I’ve asked my fabulous fishmonger Terry (contact: fishinnotts@hotmail.com), who always fetches the best of ‘today’s catch’ directly from the docks and delivers it straight to my door, if he can reassure me that the fish I’m buying is responsibly and sustainably caught. Unfortunately, sustainability won’t make overfishing disappear - to solve that problem, we all need to eat less fish. Supporting the work of organisations like Greenpeace and Compassion In World Farming also helps keep food shoppers informed. Greenpeace have named Marks & Spencer as being the best UK supermarket to buy fish from. However, some fisheries do get the MSC logo for just ‘working towards’ sustainable fishing rather than actually fishing sustainably! If you’re in any doubt, don’t buy.

So now you know that eating fish is not inconsequential, I want to mindfully share with you this tasty recipe for Grilled Hake in a Tomato Herb Broth with Vegetable Tagliolini. It is colourful, it is delicious, it is low carb. It is a beautiful looking, healthy, nutritious dish - everything that Primal Plate wants to promote for a healthier you - but is that enough?

If you think it is, Grilled Hake in Tomato Herb Broth with Vegetable Tagliolini is one of the best ways I know to healthily celebrate the fact that there are still fish left in the sea for us to eat and enjoy. I hope it doesn’t prove to be my last fishy hurrah on Primal Plate’s blog. The jury’s still out.  

Grilled Hake in Tomato Herb Broth with Vegetable Tagliolini (Serves 4)


4 x 200g thick, sustainably sourced (MSC) hake fillets, skin-on, pin-boned & descaled

Sea salt and freshly ground black pepper

A little melted butter - for brushing 

100ml white wine    

200ml water

1 dsp Marigold organic vegetable bouillon powder

2 dsp Clearspring tamari soy sauce

100g unsalted butter, chilled

1 tsp arrowroot

2 medium carrots

2 medium courgettes

2 medium leeks

2 vine-ripened tomatoes, skinned, de-seeded and finely diced

1 heaped tbsp finely chopped coriander



For the grilled hake: put the fish, skin-side down, on a large shallow dish or plate and sprinkle with sea salt. Set aside for 30 minutes.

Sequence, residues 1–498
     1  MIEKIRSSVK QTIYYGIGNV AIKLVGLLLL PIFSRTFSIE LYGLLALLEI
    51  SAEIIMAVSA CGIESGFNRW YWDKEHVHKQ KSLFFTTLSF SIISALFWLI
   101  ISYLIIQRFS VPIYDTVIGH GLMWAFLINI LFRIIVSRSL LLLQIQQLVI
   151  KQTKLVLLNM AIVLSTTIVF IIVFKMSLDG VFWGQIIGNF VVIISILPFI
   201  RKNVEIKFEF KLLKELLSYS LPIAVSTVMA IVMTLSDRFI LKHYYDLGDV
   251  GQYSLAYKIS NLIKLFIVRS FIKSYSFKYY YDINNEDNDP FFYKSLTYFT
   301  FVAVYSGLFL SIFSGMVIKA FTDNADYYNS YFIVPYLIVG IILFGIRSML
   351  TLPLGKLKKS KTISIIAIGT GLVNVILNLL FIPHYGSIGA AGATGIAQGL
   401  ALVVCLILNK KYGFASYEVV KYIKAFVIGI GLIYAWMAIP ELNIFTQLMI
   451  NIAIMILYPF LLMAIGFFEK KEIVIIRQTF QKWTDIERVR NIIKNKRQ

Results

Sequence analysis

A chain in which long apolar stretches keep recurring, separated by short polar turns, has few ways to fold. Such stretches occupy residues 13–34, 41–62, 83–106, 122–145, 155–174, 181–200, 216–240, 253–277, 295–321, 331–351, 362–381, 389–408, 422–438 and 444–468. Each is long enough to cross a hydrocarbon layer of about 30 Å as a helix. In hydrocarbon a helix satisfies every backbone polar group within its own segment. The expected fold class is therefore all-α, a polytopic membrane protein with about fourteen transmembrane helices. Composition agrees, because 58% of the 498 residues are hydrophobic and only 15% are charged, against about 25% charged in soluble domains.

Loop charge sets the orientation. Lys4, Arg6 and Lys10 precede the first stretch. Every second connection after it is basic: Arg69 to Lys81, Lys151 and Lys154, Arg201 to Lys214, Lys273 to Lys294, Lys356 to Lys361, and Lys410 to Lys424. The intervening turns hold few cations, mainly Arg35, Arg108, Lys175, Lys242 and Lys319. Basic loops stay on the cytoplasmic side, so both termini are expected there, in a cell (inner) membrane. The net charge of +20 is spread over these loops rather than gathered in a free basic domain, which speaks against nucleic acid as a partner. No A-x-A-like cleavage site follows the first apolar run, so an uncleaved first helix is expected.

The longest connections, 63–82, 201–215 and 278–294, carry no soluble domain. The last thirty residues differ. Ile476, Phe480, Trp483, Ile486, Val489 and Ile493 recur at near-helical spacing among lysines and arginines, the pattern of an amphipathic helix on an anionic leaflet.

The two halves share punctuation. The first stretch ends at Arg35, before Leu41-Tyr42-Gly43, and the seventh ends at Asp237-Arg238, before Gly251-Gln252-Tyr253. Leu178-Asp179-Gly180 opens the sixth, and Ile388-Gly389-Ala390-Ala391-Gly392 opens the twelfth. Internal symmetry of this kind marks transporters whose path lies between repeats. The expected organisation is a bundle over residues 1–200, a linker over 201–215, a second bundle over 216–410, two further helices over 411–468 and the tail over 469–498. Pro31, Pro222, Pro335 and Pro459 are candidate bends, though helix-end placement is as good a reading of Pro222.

For the broth: put the water, wine, bouillon powder and soy sauce into a pan and boil rapidly until it has reduced by a third. Strain through a fine sieve into a clean pan and set aside. 

Rinse the salt off the fish and dry the fillets on kitchen paper. Brush each piece on both sides with melted butter and put skin-side up on a greased baking tray. Season the skin with sea salt and some freshly ground black pepper. Cover lightly with cling film and set aside.

To prepare the vegetables: use only the white part of the leek, peel the carrot, trim the courgette, then spiralise the courgette and carrot into tagliolini - alternatively, use a sharp knife or mandolin to cut the vegetables down lengthways before then slicing again with a sharp knife into thin strips.  

Preheat the grill to high. 

Meanwhile, in a small bowl or mug, combine 1 tsp. arrowroot powder and 1 dsp. water to make a thin slurry. Re-heat the broth to boiling point then add a spoonful of the hot buttery broth into the arrowroot paste and combine well. Tip the arrowroot mixture back into the saucepan whilst stirring continuously. Allow the broth to cook on a very low heat until it thickens.

Remove the cling film and grill the hake for 8 minutes on one side only.

Whilst the hake is grilling, gradually whisk 75g chilled butter, cut into small cubes, into the hot broth to make a silky smooth sauce. Keep warm.

Just before the fish is ready, melt the reserved 25g butter in a frying pan. Stir-fry the prepared vegetables until just softened but still crisp. Season to taste. 

Remove the cooked hake from the grill and allow to rest for a minute or two. Bring the broth back to just below boiling point and add the finely diced tomatoes and chopped coriander leaf. 

Serve the fish on a nest of vegetable tagliolini with the tomato herb broth spooned round.  



Don’t put the fish too close to the heat source - about 15cm (6”) away from the grill will allow the fish to cook through perfectly without scorching the skin.


Carbohydrate 13g Protein 42g per serving

Keralan Fish Curry with Crispy Shallots

by Susan Smith in , ,

Since I started my blog writing career (can’t believe it’s only 3 months ago!), I’ve been focused on researching and developing recipes à la Primal - basically, dissing all junk food and substituting healthy ingredients for grains, refined sugar, unhealthy fats, beans/legumes. Then my sister phoned last weekend asking for “simpler things to cook”. She has a point.

Beyond the consideration of limiting my list of ingredients to Primal-friendly and the creative endeavour of bringing them together in harmony for visually exciting, flavourful food, what if some people can’t, or don’t have much time, to cook? I don’t want to cop out by ignoring the problem, so I’ve rummaged through my collection of recipes and found some fast and gloriously easy food to make. Today’s recipe is an adaptation of Keralan Fish Curry taken from a Waitrose recipe card (February 2012) found lurking in the back of my kitchen cupboard!